# How much heat to raise the temperature?

Everyone knows it takes heat to raise the temperature of something, whether it’s the air in your house or a kettle on the stove. If you want to design heat engines or use solar power to elevate the temperature of something, it helps if you can determine how much heat you need.

To begin with I’ll skip phase changes and just look at heating things that stay in the same phase—solid, liquid, or gas.

The basic equation is:

Q=mc(deltaT)

where:

Q = heat (units: cal, kcal, Joules, ft-lb, Btu, or kWhr)

m= mass (units: kg or lb)

c= specific heat for the particular material and temperature (units:kJoules/(kg-degC) or Btu/(lb-degF)

deltaT = change in temperature (units: degC, or degF)

To use the above equation correctly you need to make sure you use consistent units.

Below is a table that contains specific heats for various materials at 20 deg C. If you need other materials you can probably find them on the web or in handbooks for engineering, physics, or chemistry. Note that the values change with temperature and may change greatly when the substance goes through a phase change. These values are also for constant pressure. If you heat or cool at constant volume there are other numbers to use and I’ll discuss that at a later date.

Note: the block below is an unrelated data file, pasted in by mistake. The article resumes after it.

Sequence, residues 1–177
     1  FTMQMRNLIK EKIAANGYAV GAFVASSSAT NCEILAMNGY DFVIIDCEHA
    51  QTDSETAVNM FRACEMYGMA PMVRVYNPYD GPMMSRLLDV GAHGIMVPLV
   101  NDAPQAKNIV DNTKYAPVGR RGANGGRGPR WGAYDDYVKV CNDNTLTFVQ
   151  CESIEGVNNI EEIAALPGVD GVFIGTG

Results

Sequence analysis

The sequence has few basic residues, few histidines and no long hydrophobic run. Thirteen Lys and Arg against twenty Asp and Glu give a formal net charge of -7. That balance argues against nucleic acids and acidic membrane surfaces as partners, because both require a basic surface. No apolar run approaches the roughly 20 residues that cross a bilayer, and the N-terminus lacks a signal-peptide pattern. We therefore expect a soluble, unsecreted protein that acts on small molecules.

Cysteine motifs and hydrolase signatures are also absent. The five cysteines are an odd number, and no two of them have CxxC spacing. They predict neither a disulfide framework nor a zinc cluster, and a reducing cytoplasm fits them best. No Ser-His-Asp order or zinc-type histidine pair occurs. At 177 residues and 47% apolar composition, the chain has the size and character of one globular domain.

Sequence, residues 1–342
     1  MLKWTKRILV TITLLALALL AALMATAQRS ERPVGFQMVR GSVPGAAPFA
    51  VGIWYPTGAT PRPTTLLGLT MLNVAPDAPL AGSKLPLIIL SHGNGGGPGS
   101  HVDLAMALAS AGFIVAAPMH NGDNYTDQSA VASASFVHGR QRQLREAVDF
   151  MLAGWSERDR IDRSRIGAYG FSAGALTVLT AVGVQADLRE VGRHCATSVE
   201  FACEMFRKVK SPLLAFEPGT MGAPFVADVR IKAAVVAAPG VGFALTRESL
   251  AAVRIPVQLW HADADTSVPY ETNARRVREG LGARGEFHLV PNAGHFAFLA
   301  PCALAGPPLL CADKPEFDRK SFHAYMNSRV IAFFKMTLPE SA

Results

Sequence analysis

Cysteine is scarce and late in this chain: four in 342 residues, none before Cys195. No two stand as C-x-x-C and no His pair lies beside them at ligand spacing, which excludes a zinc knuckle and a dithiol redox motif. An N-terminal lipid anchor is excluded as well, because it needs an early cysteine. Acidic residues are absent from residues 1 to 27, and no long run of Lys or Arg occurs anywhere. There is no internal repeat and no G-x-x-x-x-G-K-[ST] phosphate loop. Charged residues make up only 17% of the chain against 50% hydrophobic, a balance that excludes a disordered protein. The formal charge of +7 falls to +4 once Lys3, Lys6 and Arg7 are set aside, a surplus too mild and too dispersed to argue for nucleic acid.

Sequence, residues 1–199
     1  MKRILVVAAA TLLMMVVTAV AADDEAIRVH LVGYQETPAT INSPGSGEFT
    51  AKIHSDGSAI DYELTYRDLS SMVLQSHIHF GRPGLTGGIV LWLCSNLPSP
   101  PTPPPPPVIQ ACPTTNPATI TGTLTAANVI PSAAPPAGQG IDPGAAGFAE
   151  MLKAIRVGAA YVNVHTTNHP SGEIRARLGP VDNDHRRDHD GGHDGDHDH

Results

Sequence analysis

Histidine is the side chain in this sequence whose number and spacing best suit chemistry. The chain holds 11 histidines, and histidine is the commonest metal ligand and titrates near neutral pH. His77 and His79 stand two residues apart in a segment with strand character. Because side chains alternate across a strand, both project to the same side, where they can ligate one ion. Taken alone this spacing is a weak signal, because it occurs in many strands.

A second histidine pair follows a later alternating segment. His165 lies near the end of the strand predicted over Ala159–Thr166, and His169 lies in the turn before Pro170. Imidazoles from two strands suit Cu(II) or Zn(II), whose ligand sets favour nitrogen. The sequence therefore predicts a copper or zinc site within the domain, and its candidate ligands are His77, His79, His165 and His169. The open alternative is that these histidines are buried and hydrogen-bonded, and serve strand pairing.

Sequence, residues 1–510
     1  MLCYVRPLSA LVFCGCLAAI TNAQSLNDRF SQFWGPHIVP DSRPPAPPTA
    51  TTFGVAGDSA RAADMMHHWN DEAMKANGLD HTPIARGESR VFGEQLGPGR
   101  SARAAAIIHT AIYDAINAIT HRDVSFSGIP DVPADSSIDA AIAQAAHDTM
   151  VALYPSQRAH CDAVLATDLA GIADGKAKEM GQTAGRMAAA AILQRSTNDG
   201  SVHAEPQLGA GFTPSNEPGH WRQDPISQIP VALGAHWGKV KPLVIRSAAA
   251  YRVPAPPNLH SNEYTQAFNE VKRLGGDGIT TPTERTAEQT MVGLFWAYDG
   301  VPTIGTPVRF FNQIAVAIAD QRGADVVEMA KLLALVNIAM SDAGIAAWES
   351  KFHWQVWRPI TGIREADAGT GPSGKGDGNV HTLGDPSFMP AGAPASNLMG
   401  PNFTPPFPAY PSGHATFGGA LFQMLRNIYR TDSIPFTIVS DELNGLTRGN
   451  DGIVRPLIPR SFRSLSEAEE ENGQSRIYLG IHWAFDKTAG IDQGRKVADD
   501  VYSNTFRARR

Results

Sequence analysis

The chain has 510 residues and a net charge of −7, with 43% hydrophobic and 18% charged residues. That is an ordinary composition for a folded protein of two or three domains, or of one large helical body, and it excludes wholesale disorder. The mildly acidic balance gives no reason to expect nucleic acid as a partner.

Material Specific heat at one atmosphere, kJ/(kg-degC) Specific heat at one atmosphere, Btu/(lb-degF) Air 1.02 0.24 Water 4.18 1.00 Steam (110 deg C) 2 0.48 Aluminum 0.9 0.22 Iron, Steel 0.45 0.11 Wood (pine) 2.8 0.67 Copper 0.39 0.09 Glass 0.84 0.20 Lead 0.13 0.03

I’ll give a few examples:

You want to raise the temperature of 1.5 pounds of aluminum by 50 degF then you’ll need:

Q=1.5lb x 0.22 Btu/(lb-degF) x 50 degF = 16.5 Btu of heat

You want to raise the temperature of 0.1kg of air by 100 degC

Q=0.1kg x 1.02kJ/(kg-degC) x 100degC = 10.2kJ

A few useful conversions:

1kw-hr = 3412 Btu

1 kw-hr = 3600 kJ,

1Btu=1.055kJ

Sources:

Marks’ Handbook for Mechanical Engineers, tenth edition

General Physics, 1984, Giancoli, Douglas